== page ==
Last Thursday, the Corpus Christi Court of Appeals addressed a challenge to an arbitration clause in a non-subscriber plan and determined that the arbitrator, not the court, was the proper entity to address the challenge. In Mission Petroleum Carriers, Inc. v. Dreese,, 2018 WL 1192773 (Tex. App. – Corpus Christi March 8, 2018), a Mission employee died in a Freightliner truck accident and his heirs filed a wrongful death claim against Mission alleging negligence and gross negligence. Mission is a non-subscriber to workers compensation insurance but provides employee benefits through an employee health and safety plan (Plan). The Plan, however, includes an arbitration clause requiring “all claims or disputes” to be resolved by binding arbitration. Mission filed a motion to compel arbitration which the trial court denied and this interlocutory appeal followed.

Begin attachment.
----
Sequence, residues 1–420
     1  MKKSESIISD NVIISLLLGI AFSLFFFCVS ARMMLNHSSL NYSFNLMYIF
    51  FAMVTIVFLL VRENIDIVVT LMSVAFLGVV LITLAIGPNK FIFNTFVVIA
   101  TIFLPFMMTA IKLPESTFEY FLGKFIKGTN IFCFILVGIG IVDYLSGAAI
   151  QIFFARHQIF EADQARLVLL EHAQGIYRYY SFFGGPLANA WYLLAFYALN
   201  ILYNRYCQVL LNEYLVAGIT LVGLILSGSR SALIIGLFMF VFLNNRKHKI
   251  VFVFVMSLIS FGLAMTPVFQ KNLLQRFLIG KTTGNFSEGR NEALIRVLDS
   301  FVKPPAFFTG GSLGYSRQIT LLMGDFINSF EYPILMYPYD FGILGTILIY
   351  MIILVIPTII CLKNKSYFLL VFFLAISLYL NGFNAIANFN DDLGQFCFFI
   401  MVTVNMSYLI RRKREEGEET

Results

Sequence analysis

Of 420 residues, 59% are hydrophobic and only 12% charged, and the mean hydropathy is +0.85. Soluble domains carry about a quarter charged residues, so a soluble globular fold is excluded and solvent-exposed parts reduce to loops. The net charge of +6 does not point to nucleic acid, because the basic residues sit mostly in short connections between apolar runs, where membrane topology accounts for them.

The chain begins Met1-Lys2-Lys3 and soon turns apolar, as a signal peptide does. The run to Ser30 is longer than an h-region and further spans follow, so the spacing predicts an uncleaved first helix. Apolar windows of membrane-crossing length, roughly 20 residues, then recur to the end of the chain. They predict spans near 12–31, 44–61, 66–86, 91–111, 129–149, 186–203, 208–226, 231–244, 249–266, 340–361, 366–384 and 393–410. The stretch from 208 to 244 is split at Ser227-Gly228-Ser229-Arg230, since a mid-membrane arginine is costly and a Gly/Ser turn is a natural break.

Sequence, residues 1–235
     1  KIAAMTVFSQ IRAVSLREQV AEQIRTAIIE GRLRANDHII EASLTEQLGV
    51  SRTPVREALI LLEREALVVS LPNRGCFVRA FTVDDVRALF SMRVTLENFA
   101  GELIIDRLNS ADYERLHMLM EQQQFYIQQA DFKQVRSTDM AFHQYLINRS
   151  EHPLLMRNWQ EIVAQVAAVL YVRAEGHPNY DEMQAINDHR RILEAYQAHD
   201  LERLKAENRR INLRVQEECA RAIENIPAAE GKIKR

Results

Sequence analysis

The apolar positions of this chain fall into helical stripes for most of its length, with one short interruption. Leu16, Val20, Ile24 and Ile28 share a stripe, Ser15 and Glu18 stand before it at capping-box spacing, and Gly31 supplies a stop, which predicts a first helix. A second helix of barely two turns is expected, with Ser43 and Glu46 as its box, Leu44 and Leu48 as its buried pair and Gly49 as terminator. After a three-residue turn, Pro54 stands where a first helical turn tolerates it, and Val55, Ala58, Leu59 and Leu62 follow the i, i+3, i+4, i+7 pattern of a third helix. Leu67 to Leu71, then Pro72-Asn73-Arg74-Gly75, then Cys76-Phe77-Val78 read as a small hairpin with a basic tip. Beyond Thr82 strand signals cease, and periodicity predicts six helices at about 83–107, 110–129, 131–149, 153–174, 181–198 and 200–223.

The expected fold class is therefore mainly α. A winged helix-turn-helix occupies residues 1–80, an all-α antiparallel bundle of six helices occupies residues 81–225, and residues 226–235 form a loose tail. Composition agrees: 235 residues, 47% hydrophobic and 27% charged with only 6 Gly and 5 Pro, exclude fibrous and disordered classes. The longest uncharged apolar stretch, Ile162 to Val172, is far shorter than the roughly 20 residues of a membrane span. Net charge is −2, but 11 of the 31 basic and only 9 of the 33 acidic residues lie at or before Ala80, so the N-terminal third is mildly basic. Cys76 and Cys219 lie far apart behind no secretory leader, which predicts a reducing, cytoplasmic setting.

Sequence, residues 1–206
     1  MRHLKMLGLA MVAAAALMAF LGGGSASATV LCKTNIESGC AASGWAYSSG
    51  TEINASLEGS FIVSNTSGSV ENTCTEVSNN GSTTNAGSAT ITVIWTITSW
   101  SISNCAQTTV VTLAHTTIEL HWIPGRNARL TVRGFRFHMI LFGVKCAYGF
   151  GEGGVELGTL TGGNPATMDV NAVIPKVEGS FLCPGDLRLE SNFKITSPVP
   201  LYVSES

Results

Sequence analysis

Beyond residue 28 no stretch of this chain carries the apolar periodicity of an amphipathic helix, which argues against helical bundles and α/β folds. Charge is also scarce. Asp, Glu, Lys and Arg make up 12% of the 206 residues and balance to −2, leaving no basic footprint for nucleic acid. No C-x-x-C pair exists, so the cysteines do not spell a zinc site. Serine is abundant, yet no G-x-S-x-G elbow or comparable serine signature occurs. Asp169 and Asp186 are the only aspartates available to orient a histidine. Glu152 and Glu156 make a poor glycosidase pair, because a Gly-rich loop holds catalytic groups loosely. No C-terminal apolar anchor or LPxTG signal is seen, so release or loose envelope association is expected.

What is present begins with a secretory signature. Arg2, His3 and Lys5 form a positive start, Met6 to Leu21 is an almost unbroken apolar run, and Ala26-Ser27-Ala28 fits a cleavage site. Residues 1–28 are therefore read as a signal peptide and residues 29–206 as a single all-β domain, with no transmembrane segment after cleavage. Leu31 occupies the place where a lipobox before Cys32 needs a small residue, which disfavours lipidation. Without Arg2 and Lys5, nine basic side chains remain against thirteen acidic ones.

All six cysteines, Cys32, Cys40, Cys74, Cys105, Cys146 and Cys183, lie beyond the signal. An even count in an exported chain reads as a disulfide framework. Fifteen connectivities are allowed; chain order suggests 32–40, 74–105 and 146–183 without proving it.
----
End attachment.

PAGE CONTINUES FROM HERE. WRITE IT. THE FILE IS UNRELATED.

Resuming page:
On appeal, the court examined the arbitration clause and the heirs’ assertion that the clause was unenforceable because a termination clause rendered the contract illusory and voided the contract as a whole. In response, Mission asserted that the challenge to the arbitration agreement is for the arbitrator, not the courts to decide. The court noted there are two types of challenges to arbitration provisions: “(1) a specific challenge to the validity of the arbitration agreement or clause, and (2) a broader challenge to the entire contract, either on the ground that directly affects the entire agreement, or on the ground that one of the contract’s provisions is illegal and renders the whole contact invalid.” The first type is one for the court to address, but the second must go to the arbitrator. After reviewing the termination clause, the court determined that it was applicable to the entire plan and not merely the arbitration clause at issue. Accordingly, the court reversed the trial court’s decision and remanded the case for the trial court to stay all proceedings and order arbitration.

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